Helping kids financially, without going too far
It’s hard to share financial wisdom with your children, and even harder to know when to offer help and when to pull back.
Give too much support, and they can become dependent. Take away financial support too soon and you can prevent them from getting on their own feet. Give too much and you could be left without sufficient funds for your own retirement.
You need some guidelines. And the first should be to make sure you don’t give away money you can’t afford not to have for yourself.
Loan if you must
If kids come to you for help with accumulated credit card debt, it may help to be a bit skeptical. While card interest rates are high, it’s often possible to get debt consolidation loans at better rates.
Parents generally shouldn’t co-sign on these loans, because it can give the impression that kids can step away from the obligation if they feel overwhelmed.
For those who do choose to help, a loan generally teaches the financial responsibility lesson better than a gift. A loan, at an agreed-upon rate that’s better than what they’d get at a bank, creates a sense of urgency for them to repay.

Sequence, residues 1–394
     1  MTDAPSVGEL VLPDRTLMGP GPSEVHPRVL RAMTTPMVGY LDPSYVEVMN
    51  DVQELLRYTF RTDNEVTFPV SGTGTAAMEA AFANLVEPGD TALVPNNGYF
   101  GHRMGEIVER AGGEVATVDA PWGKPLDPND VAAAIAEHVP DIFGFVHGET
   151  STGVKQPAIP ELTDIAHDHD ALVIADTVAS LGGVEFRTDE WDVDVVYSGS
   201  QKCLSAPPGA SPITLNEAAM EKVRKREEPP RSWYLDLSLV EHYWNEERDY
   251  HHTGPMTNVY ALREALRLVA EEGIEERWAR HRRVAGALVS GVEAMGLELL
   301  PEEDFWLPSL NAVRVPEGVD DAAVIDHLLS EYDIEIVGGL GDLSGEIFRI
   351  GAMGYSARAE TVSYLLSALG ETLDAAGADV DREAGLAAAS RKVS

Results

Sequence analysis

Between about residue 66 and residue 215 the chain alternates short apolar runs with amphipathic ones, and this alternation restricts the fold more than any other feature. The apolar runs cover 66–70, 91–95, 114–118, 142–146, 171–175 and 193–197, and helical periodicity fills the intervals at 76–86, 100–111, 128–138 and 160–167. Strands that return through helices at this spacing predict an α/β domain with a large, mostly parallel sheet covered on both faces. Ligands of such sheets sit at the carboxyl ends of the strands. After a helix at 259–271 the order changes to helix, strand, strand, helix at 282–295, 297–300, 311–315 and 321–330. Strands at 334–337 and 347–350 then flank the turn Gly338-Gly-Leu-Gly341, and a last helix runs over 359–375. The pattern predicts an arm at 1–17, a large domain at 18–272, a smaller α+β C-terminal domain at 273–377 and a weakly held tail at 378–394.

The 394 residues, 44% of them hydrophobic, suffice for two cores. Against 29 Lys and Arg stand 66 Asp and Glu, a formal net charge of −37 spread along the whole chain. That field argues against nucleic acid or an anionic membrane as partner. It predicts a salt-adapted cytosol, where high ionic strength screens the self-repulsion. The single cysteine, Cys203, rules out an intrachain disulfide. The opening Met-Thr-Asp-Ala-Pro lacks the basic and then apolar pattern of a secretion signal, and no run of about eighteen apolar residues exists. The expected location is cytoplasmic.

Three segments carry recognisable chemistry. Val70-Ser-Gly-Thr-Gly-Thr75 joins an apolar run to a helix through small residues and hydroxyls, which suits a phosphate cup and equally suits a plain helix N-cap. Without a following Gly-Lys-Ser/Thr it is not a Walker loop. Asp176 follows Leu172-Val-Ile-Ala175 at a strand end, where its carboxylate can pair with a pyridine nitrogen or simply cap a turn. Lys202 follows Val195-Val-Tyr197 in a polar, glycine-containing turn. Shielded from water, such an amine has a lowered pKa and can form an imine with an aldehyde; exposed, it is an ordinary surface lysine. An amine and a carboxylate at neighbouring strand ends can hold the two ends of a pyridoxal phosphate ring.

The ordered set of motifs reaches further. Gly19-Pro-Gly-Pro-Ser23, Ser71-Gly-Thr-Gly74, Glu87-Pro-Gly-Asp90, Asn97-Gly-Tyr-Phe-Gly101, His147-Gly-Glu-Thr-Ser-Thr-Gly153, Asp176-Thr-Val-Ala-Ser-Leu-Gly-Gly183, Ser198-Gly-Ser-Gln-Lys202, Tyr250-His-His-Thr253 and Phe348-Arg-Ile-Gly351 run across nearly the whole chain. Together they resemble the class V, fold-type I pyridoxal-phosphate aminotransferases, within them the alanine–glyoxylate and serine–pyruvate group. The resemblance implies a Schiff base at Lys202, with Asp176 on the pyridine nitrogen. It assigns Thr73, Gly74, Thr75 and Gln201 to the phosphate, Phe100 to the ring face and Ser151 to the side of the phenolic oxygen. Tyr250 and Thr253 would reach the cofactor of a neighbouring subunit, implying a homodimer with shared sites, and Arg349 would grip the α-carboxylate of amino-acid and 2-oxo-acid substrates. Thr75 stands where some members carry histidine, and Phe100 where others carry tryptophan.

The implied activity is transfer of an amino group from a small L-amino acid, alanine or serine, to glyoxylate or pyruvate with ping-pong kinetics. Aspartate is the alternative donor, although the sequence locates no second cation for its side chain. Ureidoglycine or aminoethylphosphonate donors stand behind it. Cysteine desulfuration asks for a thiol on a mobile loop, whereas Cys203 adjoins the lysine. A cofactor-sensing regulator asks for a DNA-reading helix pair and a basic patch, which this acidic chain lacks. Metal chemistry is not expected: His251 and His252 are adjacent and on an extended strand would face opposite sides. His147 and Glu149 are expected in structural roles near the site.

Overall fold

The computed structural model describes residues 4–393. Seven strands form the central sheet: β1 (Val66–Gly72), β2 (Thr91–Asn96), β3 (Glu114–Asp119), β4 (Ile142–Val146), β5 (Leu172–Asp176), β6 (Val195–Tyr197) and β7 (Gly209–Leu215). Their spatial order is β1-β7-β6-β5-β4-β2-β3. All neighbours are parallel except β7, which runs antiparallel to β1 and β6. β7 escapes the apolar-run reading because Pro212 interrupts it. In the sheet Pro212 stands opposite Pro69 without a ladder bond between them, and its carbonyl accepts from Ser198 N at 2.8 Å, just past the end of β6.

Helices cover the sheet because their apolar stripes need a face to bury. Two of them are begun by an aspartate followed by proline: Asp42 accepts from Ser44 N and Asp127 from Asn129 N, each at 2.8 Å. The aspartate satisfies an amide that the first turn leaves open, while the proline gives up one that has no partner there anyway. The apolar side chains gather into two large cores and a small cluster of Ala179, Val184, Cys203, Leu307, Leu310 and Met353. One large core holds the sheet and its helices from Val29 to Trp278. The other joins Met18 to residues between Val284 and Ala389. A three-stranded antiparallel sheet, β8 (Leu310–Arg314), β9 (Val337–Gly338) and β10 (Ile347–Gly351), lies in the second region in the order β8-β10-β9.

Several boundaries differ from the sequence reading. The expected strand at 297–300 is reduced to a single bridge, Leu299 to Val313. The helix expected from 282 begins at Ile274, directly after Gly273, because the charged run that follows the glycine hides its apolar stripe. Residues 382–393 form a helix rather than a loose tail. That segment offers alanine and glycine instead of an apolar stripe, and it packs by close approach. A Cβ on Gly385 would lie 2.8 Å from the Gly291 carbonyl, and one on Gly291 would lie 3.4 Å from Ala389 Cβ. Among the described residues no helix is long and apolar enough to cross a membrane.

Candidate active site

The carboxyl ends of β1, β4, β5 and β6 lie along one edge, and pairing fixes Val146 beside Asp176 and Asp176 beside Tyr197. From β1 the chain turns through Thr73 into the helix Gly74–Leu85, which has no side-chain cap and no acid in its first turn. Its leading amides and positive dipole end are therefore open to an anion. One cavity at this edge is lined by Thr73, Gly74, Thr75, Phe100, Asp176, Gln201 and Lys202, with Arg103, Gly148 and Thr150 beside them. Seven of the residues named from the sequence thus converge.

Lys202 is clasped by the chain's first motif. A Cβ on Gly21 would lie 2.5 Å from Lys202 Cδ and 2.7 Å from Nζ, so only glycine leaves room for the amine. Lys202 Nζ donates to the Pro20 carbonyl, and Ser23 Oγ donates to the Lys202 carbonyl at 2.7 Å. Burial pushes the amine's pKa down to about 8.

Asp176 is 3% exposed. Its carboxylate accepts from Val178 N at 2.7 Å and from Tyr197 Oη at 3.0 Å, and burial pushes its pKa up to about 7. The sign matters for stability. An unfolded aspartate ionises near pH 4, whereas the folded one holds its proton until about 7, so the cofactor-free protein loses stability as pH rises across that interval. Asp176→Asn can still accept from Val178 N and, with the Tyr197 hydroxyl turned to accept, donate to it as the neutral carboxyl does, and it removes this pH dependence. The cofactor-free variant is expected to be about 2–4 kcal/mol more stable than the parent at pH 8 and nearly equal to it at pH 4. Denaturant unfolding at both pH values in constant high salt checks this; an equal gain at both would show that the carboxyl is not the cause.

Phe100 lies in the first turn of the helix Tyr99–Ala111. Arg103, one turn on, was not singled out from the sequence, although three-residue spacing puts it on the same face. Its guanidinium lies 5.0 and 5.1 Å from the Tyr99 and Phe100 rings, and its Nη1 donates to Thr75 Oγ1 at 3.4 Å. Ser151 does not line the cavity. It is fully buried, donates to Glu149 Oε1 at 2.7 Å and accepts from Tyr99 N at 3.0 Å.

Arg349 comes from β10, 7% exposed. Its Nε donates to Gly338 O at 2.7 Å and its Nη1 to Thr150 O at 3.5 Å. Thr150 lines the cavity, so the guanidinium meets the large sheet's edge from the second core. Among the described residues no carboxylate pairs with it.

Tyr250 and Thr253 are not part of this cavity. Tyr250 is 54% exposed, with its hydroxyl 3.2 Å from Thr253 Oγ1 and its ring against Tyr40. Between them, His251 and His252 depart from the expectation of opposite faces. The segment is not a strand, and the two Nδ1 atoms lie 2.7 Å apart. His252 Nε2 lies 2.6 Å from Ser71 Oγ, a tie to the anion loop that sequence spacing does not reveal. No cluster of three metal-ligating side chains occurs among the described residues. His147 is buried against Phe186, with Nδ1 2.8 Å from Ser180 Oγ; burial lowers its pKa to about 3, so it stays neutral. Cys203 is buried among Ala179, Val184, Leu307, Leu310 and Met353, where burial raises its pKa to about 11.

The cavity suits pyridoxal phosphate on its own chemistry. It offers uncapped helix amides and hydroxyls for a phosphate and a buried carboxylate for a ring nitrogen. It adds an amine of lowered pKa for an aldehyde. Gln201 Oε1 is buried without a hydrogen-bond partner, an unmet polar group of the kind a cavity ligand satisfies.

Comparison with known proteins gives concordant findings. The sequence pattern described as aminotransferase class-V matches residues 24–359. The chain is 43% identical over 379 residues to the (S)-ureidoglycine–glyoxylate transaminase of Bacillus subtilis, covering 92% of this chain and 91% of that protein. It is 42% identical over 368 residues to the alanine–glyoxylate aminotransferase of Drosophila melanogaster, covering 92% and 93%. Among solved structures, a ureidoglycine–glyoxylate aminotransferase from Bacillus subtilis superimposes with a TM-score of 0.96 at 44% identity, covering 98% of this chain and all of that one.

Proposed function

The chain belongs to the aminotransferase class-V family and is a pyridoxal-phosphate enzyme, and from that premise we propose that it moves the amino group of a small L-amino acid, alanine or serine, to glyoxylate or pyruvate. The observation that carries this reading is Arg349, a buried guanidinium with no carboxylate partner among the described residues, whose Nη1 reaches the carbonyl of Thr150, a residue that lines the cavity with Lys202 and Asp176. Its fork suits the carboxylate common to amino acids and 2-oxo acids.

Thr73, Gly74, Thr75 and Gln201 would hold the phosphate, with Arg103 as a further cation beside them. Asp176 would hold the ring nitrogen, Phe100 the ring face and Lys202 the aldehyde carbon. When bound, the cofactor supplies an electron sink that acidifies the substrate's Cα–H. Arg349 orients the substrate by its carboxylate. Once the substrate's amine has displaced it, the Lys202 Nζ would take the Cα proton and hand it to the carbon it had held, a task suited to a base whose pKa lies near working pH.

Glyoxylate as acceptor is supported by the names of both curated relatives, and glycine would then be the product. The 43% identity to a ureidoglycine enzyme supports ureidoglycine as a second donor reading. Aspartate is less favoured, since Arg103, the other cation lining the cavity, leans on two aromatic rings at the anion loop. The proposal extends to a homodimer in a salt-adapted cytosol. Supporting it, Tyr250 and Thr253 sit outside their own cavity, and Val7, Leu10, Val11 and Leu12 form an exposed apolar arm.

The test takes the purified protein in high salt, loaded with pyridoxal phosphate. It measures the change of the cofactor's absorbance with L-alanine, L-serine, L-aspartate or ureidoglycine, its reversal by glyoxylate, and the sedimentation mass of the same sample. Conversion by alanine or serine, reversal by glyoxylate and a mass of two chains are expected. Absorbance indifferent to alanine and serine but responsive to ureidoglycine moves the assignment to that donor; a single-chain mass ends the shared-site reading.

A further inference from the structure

Plus, parents can let children prepay with no penalty to encourage them to get their savings act together.
Don’t borrow to help
Another trap parents sometimes enter is the reverse, or second, mortgage that allows them to tap the equity in their homes.
While there can be many good reasons for taking these loans – such as needing funds for unanticipated major home repairs or for serious, uncovered healthcare needs – they may not be the right way to help the kids.
Help toward real goals
If parents sincerely want to help kids get ahead, a place to start is by setting aside money for university costs (so they can graduate as close to debt-free as possible) or to help them with a down payment on a first house.
Both of those gifts help children build wealth, and can provide a lesson that’s more valuable than simply handing out cash.
CPP Investment Board, Investing Today for Your Tomorrow.
The content on this site is provided for information purposes only. CPPIB is not a financial advisor, and the content on this site does not provide financial advice. Every person’s financial planning needs are different. For advice on how you should prepare financially for retirement, please consult a credentialed professional financial advisor.